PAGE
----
A bit of history
Nasturtium (Tropaeolum majus) is a herb originating from South America and grown across the world for its culinary, medical and ornamental uses1 2. Tropaeolum majus is not a naturally occurring plant, and it is thought to have been cultivated in Peru through the breeding of other plants in the Tropaeolum genus 3. Nasturtium seeds were first brought to Europe from Peru in 1684 by Dutch monk Pater Beverning and the plant was first grown in the botanical garden of the University of Leiden. Over the next two decades, cultivation spread across Europe, being recorded in England (1688), Germany (1690) and France (1700). Because of its high vitamin C content, it was distributed to harbours and oceanic islands to fight scurvy amongst sailors on long sea voyages and it soon came to be used as a medicinal herb for treating skin conditions 4 and as a herb for cooking.
Twisted Nose or Monk’s Hood?
A curious and confusing fact is that the plant we call Nasturtium in English has the botanical name Tropaeolum majus but the plant with the botanical name Nasturtium officinale is actually called Watercress in English. Nasturtium officinale is part of the Brassicaceae family and isn’t closely related to the herb Nasturtium at all! The two plants do both have a hot and peppery flavour and this is probably the cause of the confusion. The name Nasturtium derives from the Latin nasus tortus, meaning ‘twisted nose’. In other European languages, the common name has a completely different root. Nasturtium is referred to as Capuchon (French) Capuchina (Spanish) and Kapuziner (German) which is a reference to the cone-shaped hood with a long tail worn by Capuchin Franciscan Friars and which has a similar shape to the flowers of Nasturtium.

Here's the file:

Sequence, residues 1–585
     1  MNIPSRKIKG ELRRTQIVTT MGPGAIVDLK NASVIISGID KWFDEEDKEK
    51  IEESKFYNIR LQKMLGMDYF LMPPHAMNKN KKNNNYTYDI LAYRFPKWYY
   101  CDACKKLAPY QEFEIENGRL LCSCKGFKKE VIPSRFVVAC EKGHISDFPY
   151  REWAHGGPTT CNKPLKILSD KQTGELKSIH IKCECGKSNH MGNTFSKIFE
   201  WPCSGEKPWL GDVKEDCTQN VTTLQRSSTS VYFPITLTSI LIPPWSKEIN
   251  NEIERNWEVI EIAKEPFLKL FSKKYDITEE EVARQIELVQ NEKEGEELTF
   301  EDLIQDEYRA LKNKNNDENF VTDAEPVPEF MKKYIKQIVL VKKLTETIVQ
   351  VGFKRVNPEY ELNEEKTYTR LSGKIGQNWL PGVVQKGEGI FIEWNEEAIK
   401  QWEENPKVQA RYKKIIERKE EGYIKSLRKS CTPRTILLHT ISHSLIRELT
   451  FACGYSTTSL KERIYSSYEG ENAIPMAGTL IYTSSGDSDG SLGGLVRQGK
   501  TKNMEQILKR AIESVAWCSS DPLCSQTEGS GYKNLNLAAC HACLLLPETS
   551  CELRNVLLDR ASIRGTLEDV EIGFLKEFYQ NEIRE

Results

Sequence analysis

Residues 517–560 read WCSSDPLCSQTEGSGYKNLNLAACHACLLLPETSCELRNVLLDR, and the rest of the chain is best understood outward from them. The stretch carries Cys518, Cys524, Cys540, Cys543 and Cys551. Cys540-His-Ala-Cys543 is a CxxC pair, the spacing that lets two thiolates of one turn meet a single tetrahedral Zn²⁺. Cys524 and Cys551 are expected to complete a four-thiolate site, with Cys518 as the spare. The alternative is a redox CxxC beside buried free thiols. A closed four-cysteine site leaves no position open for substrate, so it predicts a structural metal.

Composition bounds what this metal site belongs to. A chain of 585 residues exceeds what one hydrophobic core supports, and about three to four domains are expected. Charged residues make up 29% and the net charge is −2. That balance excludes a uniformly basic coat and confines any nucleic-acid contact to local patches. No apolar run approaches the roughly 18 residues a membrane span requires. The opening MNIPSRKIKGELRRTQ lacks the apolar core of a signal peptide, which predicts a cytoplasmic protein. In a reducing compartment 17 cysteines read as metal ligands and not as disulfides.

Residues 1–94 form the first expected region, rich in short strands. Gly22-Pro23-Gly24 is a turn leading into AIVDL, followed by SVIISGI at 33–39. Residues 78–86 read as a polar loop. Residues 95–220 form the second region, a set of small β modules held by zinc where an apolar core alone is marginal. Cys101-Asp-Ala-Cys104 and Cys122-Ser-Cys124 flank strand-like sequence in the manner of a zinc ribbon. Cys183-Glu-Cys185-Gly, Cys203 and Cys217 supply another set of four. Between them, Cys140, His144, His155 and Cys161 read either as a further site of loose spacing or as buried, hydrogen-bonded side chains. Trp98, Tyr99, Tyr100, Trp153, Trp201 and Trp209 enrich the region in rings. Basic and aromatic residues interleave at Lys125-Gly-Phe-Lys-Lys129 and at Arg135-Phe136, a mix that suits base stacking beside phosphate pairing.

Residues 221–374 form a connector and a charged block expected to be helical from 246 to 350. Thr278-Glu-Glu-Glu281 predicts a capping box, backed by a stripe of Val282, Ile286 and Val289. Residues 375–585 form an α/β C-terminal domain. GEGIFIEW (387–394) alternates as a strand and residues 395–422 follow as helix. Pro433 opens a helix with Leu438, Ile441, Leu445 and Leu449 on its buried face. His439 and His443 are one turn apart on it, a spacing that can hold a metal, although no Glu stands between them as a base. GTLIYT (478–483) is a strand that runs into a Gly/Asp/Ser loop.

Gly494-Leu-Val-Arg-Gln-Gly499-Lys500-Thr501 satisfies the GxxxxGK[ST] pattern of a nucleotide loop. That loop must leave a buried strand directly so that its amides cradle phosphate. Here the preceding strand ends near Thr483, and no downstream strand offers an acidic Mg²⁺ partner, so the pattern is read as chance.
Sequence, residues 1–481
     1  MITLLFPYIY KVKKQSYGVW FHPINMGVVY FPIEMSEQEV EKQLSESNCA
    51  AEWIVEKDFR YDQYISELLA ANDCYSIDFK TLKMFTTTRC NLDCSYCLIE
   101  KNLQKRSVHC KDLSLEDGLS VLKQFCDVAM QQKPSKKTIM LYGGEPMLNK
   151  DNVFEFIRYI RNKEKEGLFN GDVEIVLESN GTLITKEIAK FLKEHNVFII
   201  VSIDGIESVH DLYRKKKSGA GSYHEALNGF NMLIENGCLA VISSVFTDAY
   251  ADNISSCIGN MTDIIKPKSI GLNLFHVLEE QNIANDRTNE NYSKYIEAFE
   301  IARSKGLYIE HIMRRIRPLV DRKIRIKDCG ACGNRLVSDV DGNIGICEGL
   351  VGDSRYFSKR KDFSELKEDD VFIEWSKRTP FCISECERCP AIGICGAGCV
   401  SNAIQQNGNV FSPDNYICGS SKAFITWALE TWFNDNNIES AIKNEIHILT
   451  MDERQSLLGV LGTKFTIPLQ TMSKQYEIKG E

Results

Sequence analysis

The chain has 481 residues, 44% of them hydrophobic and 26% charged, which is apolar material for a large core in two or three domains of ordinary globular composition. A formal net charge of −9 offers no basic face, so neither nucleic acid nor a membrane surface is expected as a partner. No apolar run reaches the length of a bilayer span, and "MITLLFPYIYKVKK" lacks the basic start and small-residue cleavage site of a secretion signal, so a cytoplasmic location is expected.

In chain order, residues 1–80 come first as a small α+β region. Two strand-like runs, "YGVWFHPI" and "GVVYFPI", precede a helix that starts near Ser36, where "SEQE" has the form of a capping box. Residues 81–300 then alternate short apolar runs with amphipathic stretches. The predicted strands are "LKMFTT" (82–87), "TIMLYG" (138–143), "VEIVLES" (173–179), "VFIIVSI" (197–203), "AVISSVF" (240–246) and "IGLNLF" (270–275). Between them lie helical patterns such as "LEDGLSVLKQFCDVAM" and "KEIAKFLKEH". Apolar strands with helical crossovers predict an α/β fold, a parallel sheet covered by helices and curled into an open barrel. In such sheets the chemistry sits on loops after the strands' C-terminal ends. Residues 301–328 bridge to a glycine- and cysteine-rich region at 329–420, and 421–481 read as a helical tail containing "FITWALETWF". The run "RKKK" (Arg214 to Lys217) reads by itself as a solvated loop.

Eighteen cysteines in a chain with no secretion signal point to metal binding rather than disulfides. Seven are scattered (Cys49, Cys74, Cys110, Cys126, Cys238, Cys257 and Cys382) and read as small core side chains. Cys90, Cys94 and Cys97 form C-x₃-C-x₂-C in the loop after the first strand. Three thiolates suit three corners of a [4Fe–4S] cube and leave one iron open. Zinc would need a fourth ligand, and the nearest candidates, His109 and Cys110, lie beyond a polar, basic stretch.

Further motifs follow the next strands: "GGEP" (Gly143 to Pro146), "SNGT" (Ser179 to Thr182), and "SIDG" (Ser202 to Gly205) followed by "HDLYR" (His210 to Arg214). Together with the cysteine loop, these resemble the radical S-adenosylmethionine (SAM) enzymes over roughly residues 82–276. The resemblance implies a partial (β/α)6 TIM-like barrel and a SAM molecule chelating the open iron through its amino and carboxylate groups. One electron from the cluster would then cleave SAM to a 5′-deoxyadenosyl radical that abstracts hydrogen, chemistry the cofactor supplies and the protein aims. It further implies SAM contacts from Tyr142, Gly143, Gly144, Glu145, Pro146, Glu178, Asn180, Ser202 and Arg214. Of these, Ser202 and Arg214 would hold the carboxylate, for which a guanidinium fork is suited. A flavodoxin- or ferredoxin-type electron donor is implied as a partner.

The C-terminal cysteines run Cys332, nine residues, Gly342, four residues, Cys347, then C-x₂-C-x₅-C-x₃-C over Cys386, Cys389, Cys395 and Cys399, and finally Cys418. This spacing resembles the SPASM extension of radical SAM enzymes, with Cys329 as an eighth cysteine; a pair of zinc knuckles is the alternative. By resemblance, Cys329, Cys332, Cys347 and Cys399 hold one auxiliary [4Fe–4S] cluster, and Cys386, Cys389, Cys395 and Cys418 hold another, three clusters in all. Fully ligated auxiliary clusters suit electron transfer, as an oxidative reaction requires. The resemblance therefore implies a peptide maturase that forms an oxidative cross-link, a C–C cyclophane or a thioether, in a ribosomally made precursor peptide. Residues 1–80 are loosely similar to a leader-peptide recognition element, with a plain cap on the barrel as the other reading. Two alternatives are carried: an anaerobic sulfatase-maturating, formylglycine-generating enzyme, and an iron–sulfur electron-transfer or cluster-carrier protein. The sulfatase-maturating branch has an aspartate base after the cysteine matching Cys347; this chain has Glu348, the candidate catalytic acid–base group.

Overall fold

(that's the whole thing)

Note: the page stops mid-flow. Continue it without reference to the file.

One extraordinary property of the Nasturtium leaf can be found on its surface: superhydrophobicity. This feature allows droplets of water that fall on the leaf to retain their spherical shape and glide straight off the leaf with minimal friction. But how is this achieved? To the touch, the Nasturtium leaf feels exceptionally smooth. However, when examined at an atomic level, a severely rough and bumpy landscape emerges.
This “micro-roughness” is generated by minuscule tubes, called nanotubules, made of wax. The waxy nanotubules are embedded on the leaf surface with different lengths and orientations, creating a micro-rough surface that strongly repels water 5 – a superhydrophobic surface. Materials scientists are now working to replicate the surface of Nasturtium leaves to generate superhydrophobic synthetic materials, with potential applications including windows, car windscreens and non-wettable textiles 6. Who knows – one day you could be wearing a fabric inspired by Nasturtium!
Not just a pretty plant